Legionnaires’ Disease


Legionnaires’ disease is a severe form of pneumonia caused by Legionella bacteria, which are found in water and soil. People get Legionnaires’ disease by inhaling the bacteria through water droplets. The pneumonia caused by Legionella bacteria can be severe; however the majority of cases can be cured with antibiotics. Legionella bacteria thrive in warm water and are commonly found in hot tubs, pools, spas, and large plumbing systems. Most people exposed to the bacteria will not get sick, but the risk is highest for older people, smokers, and those with weakened immune systems.

Symptoms and Diagnosis

Symptoms of Legionnaires’ disease usually appear within 2 to 14 days after exposure to the bacteria. They usually begin with headache, muscle pain, chills, and a high fever (104 °F or 40 °C). After a few days other symptoms develop, including cough, shortness of breath, fatigue, gastrointestinal symptoms, and confusion. Severe cases can lead to lung failure, kidney failure, or septic shock (blood infection). Legionnaires’ disease is not contagious. Pontiac fever is a milder form of the disease that usually lasts only 2 to 5 days and does not cause pneumonia. The symptoms of Pontiac fever go away without treatment.

Legionnaires’ disease is diagnosed by confirming pneumonia and the presence of Legionella bacteria in the body. A physical exam or chest X-ray can detect pneumonia. A urine antigen test, culture from sputum or lung tissue, or blood test can confirm the presence of the bacteria. In cases with neurological symptoms such as confusion, a CT scan or spinal tap may be used.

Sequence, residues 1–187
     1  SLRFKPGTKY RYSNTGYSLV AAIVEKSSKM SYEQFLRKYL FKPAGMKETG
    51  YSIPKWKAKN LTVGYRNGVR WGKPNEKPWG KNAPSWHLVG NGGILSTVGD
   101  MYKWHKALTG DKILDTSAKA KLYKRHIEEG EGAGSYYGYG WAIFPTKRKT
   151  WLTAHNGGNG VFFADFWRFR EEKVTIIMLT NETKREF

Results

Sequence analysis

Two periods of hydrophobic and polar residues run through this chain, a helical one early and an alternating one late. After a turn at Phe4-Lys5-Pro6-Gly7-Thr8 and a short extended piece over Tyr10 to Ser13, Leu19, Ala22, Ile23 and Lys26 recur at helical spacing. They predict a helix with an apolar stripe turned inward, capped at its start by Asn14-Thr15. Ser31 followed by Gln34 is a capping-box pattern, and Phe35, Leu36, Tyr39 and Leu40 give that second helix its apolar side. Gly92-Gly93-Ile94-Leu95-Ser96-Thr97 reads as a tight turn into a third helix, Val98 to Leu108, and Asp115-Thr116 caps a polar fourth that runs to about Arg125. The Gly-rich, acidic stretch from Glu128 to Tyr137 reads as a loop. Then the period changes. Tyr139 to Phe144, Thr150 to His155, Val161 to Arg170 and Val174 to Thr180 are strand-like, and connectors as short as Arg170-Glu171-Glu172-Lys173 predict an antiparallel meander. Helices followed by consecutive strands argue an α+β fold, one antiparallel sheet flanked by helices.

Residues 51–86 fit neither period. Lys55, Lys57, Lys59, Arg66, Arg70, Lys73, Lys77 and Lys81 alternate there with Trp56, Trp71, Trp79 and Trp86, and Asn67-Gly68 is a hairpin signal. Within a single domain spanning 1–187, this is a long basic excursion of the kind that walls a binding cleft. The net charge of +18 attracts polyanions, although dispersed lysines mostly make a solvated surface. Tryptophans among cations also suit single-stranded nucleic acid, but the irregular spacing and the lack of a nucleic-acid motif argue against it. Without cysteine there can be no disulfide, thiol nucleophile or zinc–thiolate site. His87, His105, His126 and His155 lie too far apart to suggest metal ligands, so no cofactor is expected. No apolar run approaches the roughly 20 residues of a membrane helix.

Legionnaires’ disease is caused by infection with Legionella bacteria, which thrive in warm water environments such as hot tubs, cooling towers, hot water tanks, large plumbing systems, and decorative fountains. Most people get infected by breathing in mist or vapor that contains the bacteria, such as mist from a hot tub that has not been cleaned properly. Rarely, people can get Legionnaires’ disease by getting water in the lungs (aspiration) or from soil. Once the bacteria get into the body, they continue to grow in the lungs.

Most healthy people exposed to Legionella bacteria will not get sick. People with weakened immune systems are at the highest risk of getting Legionnaires’ disease. This includes older people, smokers, people with chronic lung conditions, or people with other illnesses that affect the immune system. There is also an increased risk of illness following surgery or during chemotherapy. Outbreaks of Legionnaires’ disease commonly occur in hospitals and nursing homes. Continue reading for Prevention and Treatment Information . . .

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